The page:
11. In the course of the trial, this sum of Rs. 7,800 multiplied itself to Rs. 15,500. This sum of Rs. 15,500 was said to be made up of Rs. 5,000 for reclamation of the lands, Rs. 2,000 for repairing the well in S. No. 33, another Rs. 2,000 for the said well in S. No. 33, Rs. 2,000 for digging a new well, Rs. 1,500 for installing a pumpset and Rs. 3,000 for deepening and broads ening the well in S. No. 32. Even though the total of these amounts would come to Rs. 15,500, still the second appellant claimed that he had spent a sum of Rs. 17,500. He himself admitted in the course of his evidence that he had not maintained any accounts whatever for the above expenses. According to the first appellant as D.W. 1, the total value of the improvements was Rs. 10,000. Apart from the fact in the reply notice Exhibit A-3 there was no whisper about any improvements having been effected in the lands and in the written statement only a sum of Rs. 7,800 was claimed atid in the course of the trial a sum of Rs. 10,000 was claimed by P.W. 1, Rs. 15,500 (Rs. 17,500) has been claimed by D.W. 5 which itself will clearly show that the case of the appellants herein cannot be true. There are other factors which also will negative the case of the appellants. In the first place, in the written statement, there is no claim whatever that the appellants had spent any amount for reclaiming the lands and it. is only for the first time in the course of the trial, the second appellant (D.W. 5) put forward the case that he spent Rs. 5,000 for reclaiming the lands in question. He admitted that even for that, he had no accounts to show that the said sum of Rs. 5,000 was spent for reclamation. Therefore, the claim of the appellants in this behalf is not true.

12. As far as the claim for having spent money for repairing the well in Inam Section No. 33 is concerned, it is the admitted case of the appellants themselves that notwithstandin g the alleged amounts spent by them in repairing, the well was in disuse and the well could not be used without spending a further sum of Rs. 3,000. Therefore even on the date when the second appellant gave evidence, the wall in S. No. 33 was not in use and therefore there is no question of the respondents being called upon to pay the value of the improvements in respect of the well in question.

13. As far as the well in S. No. 32 is concerned, I have alrady referred to the fact, that in the written statement he claimed to have spent only a sum of Rs. 2,000. But. in the course of the evidence, that sum of Rs. 2,000 got itself multiplied to Rs. 3,000. In support of the case that he spent a sum of Rs. 2,000 for deepening the well in S. No. 32, the second appellant claimed to have executed a promissory note for Rs. 2,000 under Exhibit B-4, d ated 15th October, 1961 in favour of D.W. 4. D.W. 4, was examined for the purpose of proving the same. There are one or two circumstances which will make it clear that no reliance can be placed on Exhibit B-4 or the evidence of D.W. 4 and the case of the appellants based thereon. It is admitted that D.W. 4 is a distant relative of the appellants. Secondly, this amount is said to have been borrowed under a promissory note d ated 15th October, 1961. I have asfteady referred to the fact that the fourth defendant in the suit viz seventh respondent, had given notice under Exhibit A-3, dated 22nd April, 1961 and this improvement for the well in S. No. 32 is supposed to have been made within six months from the d ate of that notice. Even if Such expense was incurred the view of the fact that it was done after the notice, it cannot be said to be a borta fide improvement effected by the appellants herein. The third circumstance to be taken into account is that though this promissory note is dated 15th October, 1961 (which has been marked as Exhibit B-4), it was said to be outstanding even on the date when D.W. 4 gave evidence viz., 22nd November, 1971. On the face of it, such a case cannot be accepted. Therefore, the appellants herein would not be entitled to any amount by way of the alleged improvements said to have been effected in respect of the well in Survey No. 32.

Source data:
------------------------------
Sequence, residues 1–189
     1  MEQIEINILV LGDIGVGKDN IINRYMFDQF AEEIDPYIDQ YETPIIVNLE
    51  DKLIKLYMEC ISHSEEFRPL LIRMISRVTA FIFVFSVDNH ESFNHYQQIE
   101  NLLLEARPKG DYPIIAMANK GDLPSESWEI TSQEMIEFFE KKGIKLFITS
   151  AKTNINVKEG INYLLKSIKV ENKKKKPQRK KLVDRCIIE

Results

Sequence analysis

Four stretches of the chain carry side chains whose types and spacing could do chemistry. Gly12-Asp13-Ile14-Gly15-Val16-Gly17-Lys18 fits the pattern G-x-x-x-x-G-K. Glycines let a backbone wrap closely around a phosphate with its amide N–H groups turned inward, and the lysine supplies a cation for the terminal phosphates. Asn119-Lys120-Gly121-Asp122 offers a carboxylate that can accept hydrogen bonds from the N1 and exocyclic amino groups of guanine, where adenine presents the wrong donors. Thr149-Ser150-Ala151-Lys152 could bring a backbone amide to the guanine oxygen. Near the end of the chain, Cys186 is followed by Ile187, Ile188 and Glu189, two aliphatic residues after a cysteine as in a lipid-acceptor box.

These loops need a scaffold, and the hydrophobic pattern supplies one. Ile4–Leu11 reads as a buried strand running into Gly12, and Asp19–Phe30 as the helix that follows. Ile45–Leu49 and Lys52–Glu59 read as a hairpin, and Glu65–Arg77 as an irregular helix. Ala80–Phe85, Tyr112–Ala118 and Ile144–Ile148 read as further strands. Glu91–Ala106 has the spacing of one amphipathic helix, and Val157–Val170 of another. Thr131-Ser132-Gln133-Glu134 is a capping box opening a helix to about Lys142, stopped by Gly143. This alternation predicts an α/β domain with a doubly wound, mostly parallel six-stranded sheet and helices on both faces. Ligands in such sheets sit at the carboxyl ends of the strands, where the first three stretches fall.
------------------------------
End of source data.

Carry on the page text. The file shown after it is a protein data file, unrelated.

14. The next question is with regard to the new well said to have been constructed by the second appellant herein. In his written statement, he stated that the said new well was constructed in 1964. But in the course of the evidence, it was admitted that the said well was constructed after the suit in 1968, and therefore, with reference to any amount alleged to have been spent for the digging up of the new well, the appellants herein would not be entitled to claim any amount from the respondents herein.

15. That leaves out the last question with regard to the value of the pumpset. As the learned trial Judge himself rightly poined out, the respondents 1 to 5 in their plaint had not claimed anu share in the pumpset and it is certainly open to the appellants herein to remove the pumpset which they are alleged to have fixed up. Under these circumstances, the appellants fail on all the three points.

16. I may point out only one other matter in this behalf. Though respondents 1 to 5 claimed 5/7th share in the suit, the learned Subordinate Judge has held that the drespondents 1 to 5 are entitled to 5/8th share in the suit. The learned Suborndinate Judge has held that the respondents 1 to 5 are entitled to 5/8th share only. The learned trial Judge held that under Exhibit A-1 it is not only the children of the propreties, but the, sixth respondent also was entitled to and interest in the properties, and, therefore, all the eight presons are kentitled to one kshare each and the respondents 1 to 5 are entitled to 5/8th share. Even while granting a decree for 5/8th share in favour of the respondents 1 to 5, he has made it conditioal upon the respondents 1 to 5 herein paying 5/8th of the consideration under exhibit A-2. It is doubtful whether the appellants would be entitled to that amount at all. But, since the respondents 1 to 5 herein have not preferred any memorandum of cross-objections or cross-appeal, it is not necessary to consider this question futher.

17. Under these circumatances, the appeal fails and it is dismissed with costs of the respondents 1 to 5.